The trial court made findings of fact, drawing conclusions of law therefrom, in which mention is made of the foregoing either expressly or by [6 Cal. App. 3d 811] reference. [1a] Among its conclusions of law, thereby upholding the affirmative defenses pleaded in the answer, are the following: the complaint does not state a cause of action either for support of the plaintiff or for counsel fees and court costs; and decedent's will has made provision for plaintiff's support "in sufficient monies according to the wishes and desires of decedent and the value of his estate." For reasons hereinafter to be stated, we believe that these determinations were proper and must be sustained.

[2] "In California the rule is that the obligation of a father to support his minor child which is fixed by divorce decree or property settlement agreement, does not cease upon the father's death, but survives as a charge against his estate. [Citations.]" (Taylor v. George, 34 Cal. 2d 552, 556 [212 P.2d 505].) In the present case provision for plaintiff's support was fixed by neither the divorce decree nor any property settlement agreement; on the other hand, in Taylor v. George, supra, the claim was based upon an order in a final decree of divorce directing the husband to pay $50 per month for the child's support during the latter's minority. It was there held that the husband (and father) fulfilled his obligation of support by means of certain life insurance which, it was stated in his will, "is, and will be sufficient for his needs so far as any contribution from me is concerned." (P. 555.) As pointed out in the opinion, the insurance money paid out to the child's mother on his behalf ($6,176) was more than sufficient to meet the total of the future payments ($5,500) provided for by the decree of divorce. Here, of course, plaintiff's net share of the residue falls far short of the total sums required for her support during her minority, although it should be borne in mind that upon the execution of his will the present testator was not confronted with the order for support which faced the testator in the Taylor case.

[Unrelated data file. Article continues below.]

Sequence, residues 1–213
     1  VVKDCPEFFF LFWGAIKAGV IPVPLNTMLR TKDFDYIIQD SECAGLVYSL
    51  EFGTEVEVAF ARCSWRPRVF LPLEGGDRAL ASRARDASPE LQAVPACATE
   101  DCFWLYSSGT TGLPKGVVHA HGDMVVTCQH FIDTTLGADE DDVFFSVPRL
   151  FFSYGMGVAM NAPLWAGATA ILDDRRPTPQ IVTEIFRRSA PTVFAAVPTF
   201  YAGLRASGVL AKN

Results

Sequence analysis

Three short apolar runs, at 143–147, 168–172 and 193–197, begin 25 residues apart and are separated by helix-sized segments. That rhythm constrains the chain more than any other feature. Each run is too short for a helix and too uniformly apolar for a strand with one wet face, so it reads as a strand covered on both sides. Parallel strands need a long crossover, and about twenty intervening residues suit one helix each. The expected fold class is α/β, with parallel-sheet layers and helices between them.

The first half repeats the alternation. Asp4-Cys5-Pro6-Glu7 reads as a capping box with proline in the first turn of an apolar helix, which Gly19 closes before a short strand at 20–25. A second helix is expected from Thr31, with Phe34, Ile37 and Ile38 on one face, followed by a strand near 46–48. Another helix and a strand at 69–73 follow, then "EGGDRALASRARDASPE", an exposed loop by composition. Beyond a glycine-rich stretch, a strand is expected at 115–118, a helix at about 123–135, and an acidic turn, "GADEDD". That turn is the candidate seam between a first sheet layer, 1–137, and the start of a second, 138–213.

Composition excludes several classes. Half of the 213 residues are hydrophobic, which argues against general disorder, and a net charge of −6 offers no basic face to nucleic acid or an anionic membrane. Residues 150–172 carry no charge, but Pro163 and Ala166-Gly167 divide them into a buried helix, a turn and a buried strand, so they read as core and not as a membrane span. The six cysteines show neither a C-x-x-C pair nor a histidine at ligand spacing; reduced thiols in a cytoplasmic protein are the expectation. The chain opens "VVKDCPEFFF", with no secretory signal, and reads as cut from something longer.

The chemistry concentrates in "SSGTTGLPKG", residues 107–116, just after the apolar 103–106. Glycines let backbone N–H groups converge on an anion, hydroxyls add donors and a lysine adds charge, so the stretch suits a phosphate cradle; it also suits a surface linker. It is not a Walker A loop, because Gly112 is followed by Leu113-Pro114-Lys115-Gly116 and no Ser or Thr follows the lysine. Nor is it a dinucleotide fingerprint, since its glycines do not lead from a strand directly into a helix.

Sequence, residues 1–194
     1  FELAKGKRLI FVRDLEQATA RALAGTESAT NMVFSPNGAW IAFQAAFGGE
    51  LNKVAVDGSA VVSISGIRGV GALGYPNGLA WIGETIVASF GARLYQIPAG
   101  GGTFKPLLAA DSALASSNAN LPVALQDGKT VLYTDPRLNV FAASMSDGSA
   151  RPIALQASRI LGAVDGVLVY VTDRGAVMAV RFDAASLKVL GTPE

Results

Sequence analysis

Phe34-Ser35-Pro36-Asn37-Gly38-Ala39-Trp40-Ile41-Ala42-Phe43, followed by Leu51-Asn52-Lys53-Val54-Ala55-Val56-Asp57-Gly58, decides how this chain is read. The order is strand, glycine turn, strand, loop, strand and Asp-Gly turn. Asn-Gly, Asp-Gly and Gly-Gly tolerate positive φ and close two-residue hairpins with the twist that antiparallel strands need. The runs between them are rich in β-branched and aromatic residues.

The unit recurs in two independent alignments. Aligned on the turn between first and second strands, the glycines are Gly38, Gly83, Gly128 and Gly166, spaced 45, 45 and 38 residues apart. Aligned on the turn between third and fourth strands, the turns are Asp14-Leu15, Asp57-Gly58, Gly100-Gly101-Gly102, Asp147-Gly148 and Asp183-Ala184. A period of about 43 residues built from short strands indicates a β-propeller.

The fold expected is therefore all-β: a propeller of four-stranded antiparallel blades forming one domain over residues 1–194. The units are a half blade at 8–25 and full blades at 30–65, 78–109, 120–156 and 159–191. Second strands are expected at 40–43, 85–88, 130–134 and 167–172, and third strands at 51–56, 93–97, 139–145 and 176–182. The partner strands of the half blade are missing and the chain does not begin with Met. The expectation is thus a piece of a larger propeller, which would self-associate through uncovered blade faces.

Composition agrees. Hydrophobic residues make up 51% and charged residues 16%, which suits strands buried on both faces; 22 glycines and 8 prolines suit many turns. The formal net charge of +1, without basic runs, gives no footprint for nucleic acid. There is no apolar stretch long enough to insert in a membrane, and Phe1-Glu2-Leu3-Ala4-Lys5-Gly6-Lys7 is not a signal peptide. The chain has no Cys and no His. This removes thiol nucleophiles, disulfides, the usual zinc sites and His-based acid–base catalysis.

Indeed, the law of California being what it is with respect to the power of testamentary disposition and despite the unfortunate results to the minor plaintiff, decedent could have validly made provision for her in a smaller amount than was here made. [3] Provided he is of sound and disposing mind and not acting under undue influence, a person over the age of 18 may dispose of his property by will and, in that regard, "'he is not called upon to consult or satisfy the wishes or views of juries or courts.' [Citation.]" (Estate of Woehr, 166 Cal. App. 2d 4, 17 [332 P.2d 818].) Too, "the right to testamentary disposition of one's property is a fundamental one which reaches back to the early common law; 'the right to dispose of one's property by will is most solemnly assured by law, and ... does not depend upon its judicious use.' [Citation.]" (Estate of Fritschi, 60 Cal. 2d 367, 373 [33 Cal. Rptr. 264, 384 P.2d 656].) As further pointed out in the case last cited, "The right has, of course, been restricted by legislative and social controls [citations] as well as by heavy inheritance taxation. [6 Cal. App. 3d 812] Perhaps these limitations upon the area of testamentary disposition have served to sharpen the court's vigilance in protecting the testator's right to be free of interference in the area which remains to him." (Supra, p. 373.)